The elicited behaviors, such as the different types of reflexes and fixed action patterns are something that was in interest to me when I was reading the beginning of chapter 2 in the textbook. According to the textbook the word elicit is “to draw out or bring forth.” Examples of an elicit behavior can be the usual “norm” reflexes we have such as coughing, sneezing, covering our ears when a loud noise is presented, etc. Reflex defined in the book is the relatively automatic response one has towards a stimulus. For example, when one goes to a checkup at the doctors, when the doctor tapes the person’s knee, the person gives a result in a knee jerk reaction. Another example is when there is a gust of wind or air blowing into a person’s face, their reflex is to close their eyes or rapidly blink. Other reflexes such as, startle response, orienting response and flexion response can all be of use for survival. Reflex arc is the use of a sensory neuron and motor neuron. For example, if one steps on a nail they are to remove their foot from the source of pain automatically.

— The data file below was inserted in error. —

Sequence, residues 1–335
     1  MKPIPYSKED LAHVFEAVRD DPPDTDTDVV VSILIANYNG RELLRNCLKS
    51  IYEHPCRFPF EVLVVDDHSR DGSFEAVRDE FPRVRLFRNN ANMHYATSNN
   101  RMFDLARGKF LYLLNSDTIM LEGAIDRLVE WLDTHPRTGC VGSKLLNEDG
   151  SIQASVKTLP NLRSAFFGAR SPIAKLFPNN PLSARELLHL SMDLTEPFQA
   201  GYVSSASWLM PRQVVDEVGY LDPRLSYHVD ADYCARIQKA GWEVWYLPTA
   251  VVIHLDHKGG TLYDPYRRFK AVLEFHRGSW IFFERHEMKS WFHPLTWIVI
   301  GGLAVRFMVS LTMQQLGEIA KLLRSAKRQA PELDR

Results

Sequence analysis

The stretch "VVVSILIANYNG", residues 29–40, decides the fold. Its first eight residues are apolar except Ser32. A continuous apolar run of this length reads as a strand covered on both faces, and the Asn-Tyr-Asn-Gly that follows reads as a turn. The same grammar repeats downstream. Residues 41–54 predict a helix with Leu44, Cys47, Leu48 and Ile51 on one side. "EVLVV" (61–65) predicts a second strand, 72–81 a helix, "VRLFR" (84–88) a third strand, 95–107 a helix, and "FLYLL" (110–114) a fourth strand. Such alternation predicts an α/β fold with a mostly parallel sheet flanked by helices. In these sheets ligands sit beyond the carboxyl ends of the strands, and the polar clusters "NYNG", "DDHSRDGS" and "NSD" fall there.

These reflexes and fixed actions of pattern are not something we necessarily adapt to, but we are prone to them in our everyday lives. With reflexes we do not think about them it is just an automatic response that does not phase or jeopardize ones daily routine. Also, people may have different reflexes to different things or situations, such as being scared for example. I know some people, if they get scare, jump in their spot, scream, cry or some even have the tendency to be physical and use harm to protect them from whatever scared them. So even though everyone has reflexes and fixed action patterns, they can all be expressed in different ways.
Powell, R. A., Symbaluk, D. G., & Honey, P. L. (2009). Introduction to learning and behavior. Belmont, CA: Wadsworth Cengage Learning